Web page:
Baring a few exceptions, programming tends to be a well-paid, cushy job. I don’t think there’s any other industry where fresh college grads can get the offers that (competent) programmers usually get.
Why is that, though? The widely-told answer is, “value”. As the reasoning goes, the dev’s salary reflects only a fraction of the value they end up creating. For instance, if a programmer working for Amazon.com pushes an optimization that speeds up the site by 20%, it directly translates to more revenue for the company as there is a direct correlation between site speed and the number of customers successfully checking out.
It sounds like a sensible argument. However, I believe there are plenty of holes in this line of thinking.
If programmer is entitled to the value they created, shouldn’t they also have a stake in the value they destroyed? Products that never got traction or failed to reach product-market fit. Obviously, they shouldn’t be responsible for bad decisions up in the hierarchy. But why, then, they should take credit for the good ones?
Quantifying value isn’t always straightforward. What’s the value of adding animations to a product that makes the experience more fluid?
Think of a factory that manufactures luxury handbags where each handbag retails for $600. ̱How much are factory workers making there? Probably, only a measly salary. I don’t want to get into the greediness of the corporations here, but the workers’ pay has only a slight correlation to the cost of the handbag. But according to the logic of ‘value’, shouldn’t they get paid according to the sales of expensive bags they are crafting.
Programmers are responsible for achieving something in a fast and efficient manner, but they don’t directly make the decision to do something. If the project is already set to be done, how much credit can they take for the value it brings? Granted, getting things done is no easy deal, but programmers aren’t in a unique position to see something shipped.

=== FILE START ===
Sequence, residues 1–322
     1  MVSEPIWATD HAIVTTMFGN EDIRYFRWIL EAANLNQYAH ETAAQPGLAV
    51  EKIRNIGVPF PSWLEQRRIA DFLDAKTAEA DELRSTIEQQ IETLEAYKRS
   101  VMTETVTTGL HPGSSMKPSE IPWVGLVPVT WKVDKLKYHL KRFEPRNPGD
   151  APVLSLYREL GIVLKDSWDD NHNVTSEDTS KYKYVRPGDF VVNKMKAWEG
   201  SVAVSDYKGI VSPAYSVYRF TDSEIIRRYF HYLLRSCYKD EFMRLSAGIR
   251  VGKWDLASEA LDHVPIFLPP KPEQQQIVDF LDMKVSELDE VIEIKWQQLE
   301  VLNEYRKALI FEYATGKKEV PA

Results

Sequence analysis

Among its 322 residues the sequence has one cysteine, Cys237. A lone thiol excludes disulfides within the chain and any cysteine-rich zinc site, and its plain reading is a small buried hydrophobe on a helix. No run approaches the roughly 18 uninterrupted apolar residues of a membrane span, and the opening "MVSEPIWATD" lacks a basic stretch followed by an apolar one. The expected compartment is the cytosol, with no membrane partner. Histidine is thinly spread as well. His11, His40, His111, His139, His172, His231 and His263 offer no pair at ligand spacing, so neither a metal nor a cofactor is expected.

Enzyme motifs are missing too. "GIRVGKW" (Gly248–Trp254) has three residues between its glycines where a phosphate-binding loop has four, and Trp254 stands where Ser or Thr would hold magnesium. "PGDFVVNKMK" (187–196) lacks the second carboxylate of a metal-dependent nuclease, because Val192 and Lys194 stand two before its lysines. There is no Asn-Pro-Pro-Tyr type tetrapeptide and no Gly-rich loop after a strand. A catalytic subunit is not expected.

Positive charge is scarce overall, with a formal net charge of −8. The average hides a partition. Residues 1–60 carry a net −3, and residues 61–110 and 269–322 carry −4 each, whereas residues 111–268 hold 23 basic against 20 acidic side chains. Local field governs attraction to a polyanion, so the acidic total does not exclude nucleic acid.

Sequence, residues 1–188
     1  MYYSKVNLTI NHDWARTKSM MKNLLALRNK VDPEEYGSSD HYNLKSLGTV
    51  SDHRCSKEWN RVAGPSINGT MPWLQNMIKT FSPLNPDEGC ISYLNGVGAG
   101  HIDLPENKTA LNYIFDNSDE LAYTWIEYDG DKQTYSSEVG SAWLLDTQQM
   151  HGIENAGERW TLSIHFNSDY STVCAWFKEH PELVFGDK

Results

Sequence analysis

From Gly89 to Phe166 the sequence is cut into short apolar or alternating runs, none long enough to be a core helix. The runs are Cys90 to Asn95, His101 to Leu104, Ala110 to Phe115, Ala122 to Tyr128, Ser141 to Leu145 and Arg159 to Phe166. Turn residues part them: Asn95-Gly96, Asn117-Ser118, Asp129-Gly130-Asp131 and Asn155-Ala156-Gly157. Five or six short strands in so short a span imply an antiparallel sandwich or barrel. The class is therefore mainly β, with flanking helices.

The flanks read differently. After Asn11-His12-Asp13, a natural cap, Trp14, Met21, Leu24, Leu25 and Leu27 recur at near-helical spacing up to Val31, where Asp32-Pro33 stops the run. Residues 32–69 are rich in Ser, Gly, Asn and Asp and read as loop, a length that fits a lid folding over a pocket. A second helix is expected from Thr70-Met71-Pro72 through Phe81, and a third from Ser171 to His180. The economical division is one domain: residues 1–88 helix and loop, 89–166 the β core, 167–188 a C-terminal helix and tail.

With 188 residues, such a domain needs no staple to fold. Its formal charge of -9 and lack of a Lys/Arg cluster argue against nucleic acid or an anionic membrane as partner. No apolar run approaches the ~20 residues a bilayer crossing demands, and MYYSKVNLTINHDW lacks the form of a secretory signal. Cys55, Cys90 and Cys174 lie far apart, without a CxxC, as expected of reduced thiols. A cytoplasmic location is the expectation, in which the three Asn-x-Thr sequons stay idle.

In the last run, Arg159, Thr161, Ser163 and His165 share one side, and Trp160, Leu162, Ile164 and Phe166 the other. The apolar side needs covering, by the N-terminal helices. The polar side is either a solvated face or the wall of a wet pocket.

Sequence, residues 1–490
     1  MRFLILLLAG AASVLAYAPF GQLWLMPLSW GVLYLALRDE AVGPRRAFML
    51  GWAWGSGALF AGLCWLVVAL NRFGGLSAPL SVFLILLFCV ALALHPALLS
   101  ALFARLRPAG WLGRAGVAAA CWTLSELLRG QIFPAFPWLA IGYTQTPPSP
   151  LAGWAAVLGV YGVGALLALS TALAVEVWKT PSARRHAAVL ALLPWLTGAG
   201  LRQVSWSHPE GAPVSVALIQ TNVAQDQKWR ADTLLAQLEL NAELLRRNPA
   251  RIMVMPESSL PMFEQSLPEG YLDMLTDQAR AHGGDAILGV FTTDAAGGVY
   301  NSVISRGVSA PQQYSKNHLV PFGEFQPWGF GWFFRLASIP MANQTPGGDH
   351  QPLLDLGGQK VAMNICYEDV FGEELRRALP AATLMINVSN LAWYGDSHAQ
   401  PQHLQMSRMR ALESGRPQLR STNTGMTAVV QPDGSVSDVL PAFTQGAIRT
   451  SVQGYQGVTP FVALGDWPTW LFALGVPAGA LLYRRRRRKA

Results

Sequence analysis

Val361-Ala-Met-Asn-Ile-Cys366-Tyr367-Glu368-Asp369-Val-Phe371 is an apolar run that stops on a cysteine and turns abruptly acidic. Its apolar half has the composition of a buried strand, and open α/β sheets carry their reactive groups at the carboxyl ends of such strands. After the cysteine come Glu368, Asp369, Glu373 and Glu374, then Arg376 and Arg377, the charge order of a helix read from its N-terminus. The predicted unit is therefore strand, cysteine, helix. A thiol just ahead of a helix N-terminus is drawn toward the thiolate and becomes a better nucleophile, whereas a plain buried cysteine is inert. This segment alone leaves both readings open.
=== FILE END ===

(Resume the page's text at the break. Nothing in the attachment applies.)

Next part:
In any project, it’s not just engineers that are involved. There are designers, marketers, copywriters, and PMs. How would the driven value split for each of those roles?
Sometimes, especially in startups, programmers can make decisions on their own that can bring tremendous value. Gmail famously was a result of Google allowing engineers 20% of the work time to create interesting projects. But in most big companies—companies that usually pay the most—this isn’t the case. Programmers are often left to make the micro-decisions that are largely inconsequential.
So why are programmers paid so much?
It’s simple. The demand of competent programmers far outstrips the supply. There doesn’t need to be any more justification. In the last twenty years, technology has rapidly expanded its footprint, and the amount of software that is being made/needs to be made, exceeds the number of programmers who can create them.